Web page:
Egyptian protesters raided the State Security Intelligence Directorate over the weekend, finding and posting on Facebook documents that point to the Mubarak government’s involvement in terrorism, domestic spying, and torture.
Protesters have posted several of the thousands-of-seized documents on a Wikileaks-styled Facebook page, called Amn Dawla Leaks (National Security Leaks) and blasted them over Twitter using photo-sharing service Yfrog. The interim military government has requested the return of the documents, and protest organizers fear that the documents, which have proliferated throughout the country, will be lost or devalued, rendering them useless for future prosecutions.
The leaked trove–much of which is uncorroborated–lays open a litany of abuses and private affairs. The information unearths everything from vote rigging, torture, and terrorist plots to a sex tape made by a female member of the Kuwaiti royal family. Files discovered in the raids paint a Mubarak regime that meticulously monitored its people, collecting emails, wiretap recordings, and text messages sent and received by millions of Egyptian citizens. Other dispatches sent from high-ranking officials ordered the military to use live rounds at the advent of the protests. One document ordered police officers to conceal or destroy the files to keep them from falling into the protesters’ hands.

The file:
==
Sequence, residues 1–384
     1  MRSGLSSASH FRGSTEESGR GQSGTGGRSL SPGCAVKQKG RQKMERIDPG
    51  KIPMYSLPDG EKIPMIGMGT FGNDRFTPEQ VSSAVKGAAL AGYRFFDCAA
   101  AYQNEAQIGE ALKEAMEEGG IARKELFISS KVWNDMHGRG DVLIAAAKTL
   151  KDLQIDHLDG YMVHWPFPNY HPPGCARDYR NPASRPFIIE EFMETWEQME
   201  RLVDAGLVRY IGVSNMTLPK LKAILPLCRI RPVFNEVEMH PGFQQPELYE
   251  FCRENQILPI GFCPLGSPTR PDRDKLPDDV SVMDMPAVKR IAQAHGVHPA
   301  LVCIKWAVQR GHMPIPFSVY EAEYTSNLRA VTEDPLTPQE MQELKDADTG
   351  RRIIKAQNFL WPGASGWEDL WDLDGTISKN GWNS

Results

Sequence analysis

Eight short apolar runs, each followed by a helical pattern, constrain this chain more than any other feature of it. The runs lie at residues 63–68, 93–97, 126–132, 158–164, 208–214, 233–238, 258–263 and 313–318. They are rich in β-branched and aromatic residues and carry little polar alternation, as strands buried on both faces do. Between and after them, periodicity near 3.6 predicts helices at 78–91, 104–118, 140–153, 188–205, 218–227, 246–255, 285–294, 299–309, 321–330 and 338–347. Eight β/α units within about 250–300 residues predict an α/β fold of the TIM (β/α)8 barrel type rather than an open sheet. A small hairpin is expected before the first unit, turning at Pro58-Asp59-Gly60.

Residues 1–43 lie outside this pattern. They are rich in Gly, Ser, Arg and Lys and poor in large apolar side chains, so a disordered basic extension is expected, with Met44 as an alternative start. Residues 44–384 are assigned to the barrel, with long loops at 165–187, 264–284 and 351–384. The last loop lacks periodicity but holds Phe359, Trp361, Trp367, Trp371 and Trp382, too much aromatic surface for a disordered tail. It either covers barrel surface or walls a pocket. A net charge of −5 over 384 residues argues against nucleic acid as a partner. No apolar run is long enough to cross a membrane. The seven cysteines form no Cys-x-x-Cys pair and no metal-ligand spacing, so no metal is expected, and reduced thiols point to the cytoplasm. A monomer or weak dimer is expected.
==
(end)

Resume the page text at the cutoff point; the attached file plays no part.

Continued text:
The most controversial document allegedly shows the State Security’s involvement in the bombing of a Coptic Christian church that killed 21 and wounded more than 80 people on Jan. 1, 2011. According to The Vancouver Sun, the document helped fuel Coptic protests that are currently taking place in the city. If true, the document could cast doubt on claims made by the Egyptian government that the bombing was carried out by the Army of Islam, an arm of Al-Qaeda.
The raids speak to the freedom-of-information culture that has swept Egypt and much of the Middle East. That the Facebook page models the logo and design of Wikileaks highlights the sentiment among the common men and women in Egypt: eschew authority and bring information to light using the Internet, social media–the tools that have given us power and voice.